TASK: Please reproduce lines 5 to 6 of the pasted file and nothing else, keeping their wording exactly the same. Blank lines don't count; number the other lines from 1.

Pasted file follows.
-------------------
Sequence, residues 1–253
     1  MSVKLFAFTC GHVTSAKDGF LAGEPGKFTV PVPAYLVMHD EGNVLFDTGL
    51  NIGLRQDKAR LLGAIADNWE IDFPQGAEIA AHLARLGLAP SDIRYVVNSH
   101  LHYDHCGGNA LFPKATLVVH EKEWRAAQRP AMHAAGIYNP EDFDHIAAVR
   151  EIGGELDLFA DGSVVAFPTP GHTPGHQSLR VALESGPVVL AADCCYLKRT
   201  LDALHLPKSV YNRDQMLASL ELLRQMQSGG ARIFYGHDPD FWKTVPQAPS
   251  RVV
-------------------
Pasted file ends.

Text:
   151  EIGGELDLFA DGSVVAFPTP GHTPGHQSLR VALESGPVVL AADCCYLKRT
   201  LDALHLPKSV YNRDQMLASL ELLRQMQSGG ARIFYGHDPD FWKTVPQAPS